Among the most common topics I’ve discussed with clients during typical sessions are relationship issues, career dissatisfaction, familial conflict, a poor relationship to alcohol, drugs or food and issues relating to sex. However, since June 12 when 49 people were senselessly killed at Pulse Nightclub, a distinct shift occurred in the types of topics being discussed during an average client session.
For a period, it was just about Pulse: processing the enormity of what happened, trying to fathom how someone could be armed with so much hate and pondering the implications of the tragedy for the future of our communities and society in general. Soon, with the resurgence of the Black Lives Matter movement and the accompanying killings, another wave of seemingly collective shock, fear, anger and sadness struck, and therefore offered clients another societal-level issue worthy of discussing during personal-therapy sessions. Of course, there has also been the ongoing political saga of Hillary vs. Donald and the accompanying alarm in most people at the possibility of a Trump presidency; yet another topic all too emotion-inducing not to process aloud.
In other words, my clients have taken to using therapy sessions that had previously been utilized almost solely for the purpose of discussing matters relating directly to day-to-day life, the people in it and various experiences to discuss large-scale issues that in no way relate to an argument with a spouse, a frustrating situation with a friend or a big decision at work. In fact, it has become evident that, with the current state of affairs in our country, discussing social and political matters has become just as personal to people as discussing marital issues or ineffective coping skills. While I cannot assume that my clients represent the overall population, I would feel comfortable betting that the shift I’ve noted is one that could be echoed in therapists’ offices across the country. The current political and social climates are affecting each and every one of us, and it is becoming clear that these effects also relate to our psychological health and well-being. It is also apparent that we need to see improvements within our country, not just sharply but quickly as well.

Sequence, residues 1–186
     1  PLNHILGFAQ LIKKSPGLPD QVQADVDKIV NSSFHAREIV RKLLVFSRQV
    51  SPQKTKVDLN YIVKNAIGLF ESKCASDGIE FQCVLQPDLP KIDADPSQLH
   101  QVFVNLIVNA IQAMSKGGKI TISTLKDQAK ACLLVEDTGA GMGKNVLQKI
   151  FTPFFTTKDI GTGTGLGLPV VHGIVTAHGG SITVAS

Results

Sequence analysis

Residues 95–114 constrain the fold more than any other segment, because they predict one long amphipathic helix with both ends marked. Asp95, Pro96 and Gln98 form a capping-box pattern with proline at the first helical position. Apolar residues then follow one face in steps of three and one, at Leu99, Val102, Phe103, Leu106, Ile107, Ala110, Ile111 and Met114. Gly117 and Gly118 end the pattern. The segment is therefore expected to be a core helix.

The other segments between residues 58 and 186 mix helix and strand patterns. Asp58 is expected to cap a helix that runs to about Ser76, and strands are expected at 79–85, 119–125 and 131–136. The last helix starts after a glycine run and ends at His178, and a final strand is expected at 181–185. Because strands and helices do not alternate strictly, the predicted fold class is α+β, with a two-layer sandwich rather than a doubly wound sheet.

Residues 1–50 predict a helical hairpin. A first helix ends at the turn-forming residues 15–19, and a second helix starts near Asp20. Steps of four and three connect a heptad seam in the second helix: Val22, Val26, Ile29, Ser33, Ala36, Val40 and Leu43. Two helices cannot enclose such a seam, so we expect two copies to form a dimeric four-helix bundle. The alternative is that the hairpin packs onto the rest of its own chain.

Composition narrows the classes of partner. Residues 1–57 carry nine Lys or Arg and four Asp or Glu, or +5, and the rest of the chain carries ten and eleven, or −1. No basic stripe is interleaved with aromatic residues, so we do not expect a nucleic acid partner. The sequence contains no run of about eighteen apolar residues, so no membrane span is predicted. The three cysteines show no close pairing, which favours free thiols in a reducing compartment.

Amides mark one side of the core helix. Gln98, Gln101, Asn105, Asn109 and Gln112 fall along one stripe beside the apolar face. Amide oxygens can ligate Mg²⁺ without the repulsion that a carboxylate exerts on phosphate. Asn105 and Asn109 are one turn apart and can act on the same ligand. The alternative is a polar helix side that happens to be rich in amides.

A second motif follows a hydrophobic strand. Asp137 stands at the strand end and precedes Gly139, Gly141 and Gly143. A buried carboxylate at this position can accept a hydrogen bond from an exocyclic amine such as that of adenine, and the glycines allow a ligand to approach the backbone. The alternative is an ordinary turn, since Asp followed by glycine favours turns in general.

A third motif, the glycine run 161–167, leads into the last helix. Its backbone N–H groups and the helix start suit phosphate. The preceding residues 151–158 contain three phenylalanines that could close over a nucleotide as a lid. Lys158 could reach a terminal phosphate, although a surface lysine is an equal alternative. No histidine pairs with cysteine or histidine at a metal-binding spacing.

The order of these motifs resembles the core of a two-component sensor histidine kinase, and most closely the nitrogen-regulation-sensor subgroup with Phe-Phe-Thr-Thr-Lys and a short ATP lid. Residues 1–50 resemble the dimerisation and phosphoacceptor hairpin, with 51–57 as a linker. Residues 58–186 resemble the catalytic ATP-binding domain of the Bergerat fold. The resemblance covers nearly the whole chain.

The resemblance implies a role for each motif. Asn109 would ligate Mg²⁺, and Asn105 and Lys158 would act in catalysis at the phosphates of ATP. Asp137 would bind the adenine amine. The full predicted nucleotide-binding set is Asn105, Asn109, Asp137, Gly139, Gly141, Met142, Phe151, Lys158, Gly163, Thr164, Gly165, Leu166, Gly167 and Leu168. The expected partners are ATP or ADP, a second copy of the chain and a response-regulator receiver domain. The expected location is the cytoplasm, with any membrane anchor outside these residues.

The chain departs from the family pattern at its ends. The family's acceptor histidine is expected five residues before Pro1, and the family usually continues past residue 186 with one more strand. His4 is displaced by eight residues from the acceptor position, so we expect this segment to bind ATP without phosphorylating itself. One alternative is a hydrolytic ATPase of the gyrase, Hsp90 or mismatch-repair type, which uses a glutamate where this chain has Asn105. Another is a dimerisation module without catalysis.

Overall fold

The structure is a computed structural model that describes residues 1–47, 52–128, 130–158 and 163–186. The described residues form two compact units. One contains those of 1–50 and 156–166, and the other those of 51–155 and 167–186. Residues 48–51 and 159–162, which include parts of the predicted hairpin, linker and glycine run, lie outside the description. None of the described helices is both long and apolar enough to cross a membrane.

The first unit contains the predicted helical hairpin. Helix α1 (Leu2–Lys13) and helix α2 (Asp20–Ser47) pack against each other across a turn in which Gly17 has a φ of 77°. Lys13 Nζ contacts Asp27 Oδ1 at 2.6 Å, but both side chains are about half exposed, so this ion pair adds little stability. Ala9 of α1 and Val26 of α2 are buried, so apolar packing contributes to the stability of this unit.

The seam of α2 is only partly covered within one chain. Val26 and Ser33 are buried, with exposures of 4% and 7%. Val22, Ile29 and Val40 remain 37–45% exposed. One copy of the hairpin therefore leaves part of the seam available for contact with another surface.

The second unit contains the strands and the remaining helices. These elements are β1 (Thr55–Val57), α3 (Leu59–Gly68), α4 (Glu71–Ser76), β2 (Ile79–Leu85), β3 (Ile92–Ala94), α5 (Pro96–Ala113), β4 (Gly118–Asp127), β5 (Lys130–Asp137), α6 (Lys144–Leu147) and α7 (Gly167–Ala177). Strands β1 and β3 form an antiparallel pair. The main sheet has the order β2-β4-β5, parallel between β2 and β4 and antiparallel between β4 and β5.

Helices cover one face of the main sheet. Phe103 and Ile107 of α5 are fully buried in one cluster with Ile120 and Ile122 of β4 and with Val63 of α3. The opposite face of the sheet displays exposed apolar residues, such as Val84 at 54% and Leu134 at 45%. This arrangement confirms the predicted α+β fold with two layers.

As it relates to politics, my colleague, psychotherapist Amanda Lenox, pointed out, “We absorb [parts of] our leaders so even people who have relatively good mental health will experience decline based on our leader [should Trump win].”
In other words, a leader who fails to demonstrate a strong sense of character, an ability to emotionally regulate and an appropriate sense of empathy, among other positive attributes, will cause a ripple effect of negativity nationwide. For example, Trump’s distinct narcissistic personality (as characterized by his grandiose speeches and behaviors, his general disagreeability and shortage of empathy) will alienate many people but, worse than that, it will empower those inclined to some narcissistic tendencies to move into the realm of full-on, unapologetic narcissistic behavior. This, of course, will happen covertly and through the wires of communication that link to our unconscious selves. Or, in a similar vein, Trump, as we know, is incredibly quick to anger and all-but suffers a temper tantrum if he feels in any way insulted or demeaned. The consequence of this in a president? He is modeling for an entire country, our entire country, that it is acceptable to act out when we see fit and that there is little need to self-monitor emotional responses.
For those of us who are well-grounded and self-aware, it is unlikely that we will be affected in the aforementioned ways; instead, we are more likely to deal with four difficult years where anger, cynicism and fear will be difficult to ward off within each of us. All of these states of being cause a decline in our physical and mental well-being over time in a variety of ways. This decline includes increased stress levels, greater susceptibility to anxiety and depression and a negative shift in personal perception of experiences and the world in general in the long term. As it relates to physical health, a weakened immune system is characteristic of individuals experiencing strong, persistent negative feelings, which can morph into a whole array of other problems.
So what is the message here? There are a couple. The first one is vote. Vote. Vote. The second is that an excellent antidote to the negative effects of the unique times we are facing is verbalization of your experience. Write. Write to a lawmaker, submit thoughts to a local newspaper. Dialogue. Talk with friends and loved ones who share similar thoughts and feelings, or finally schedule that first therapy appointment.
There may be a long road ahead for us as a country, and therefore, for each of us as individuals; because of this grim notion, it is crucial that we continue to tend to ourselves and each other with the utmost of care, respect and empathy so that we find ourselves on the other side of this stronger and more resilient.
Take good care.
Kristina Furia is a psychotherapist committed to working with LGBT individuals and couples and owner of Emerge Wellness, an LGBT health and wellness center in Center City (www.emergewellnessphilly.com).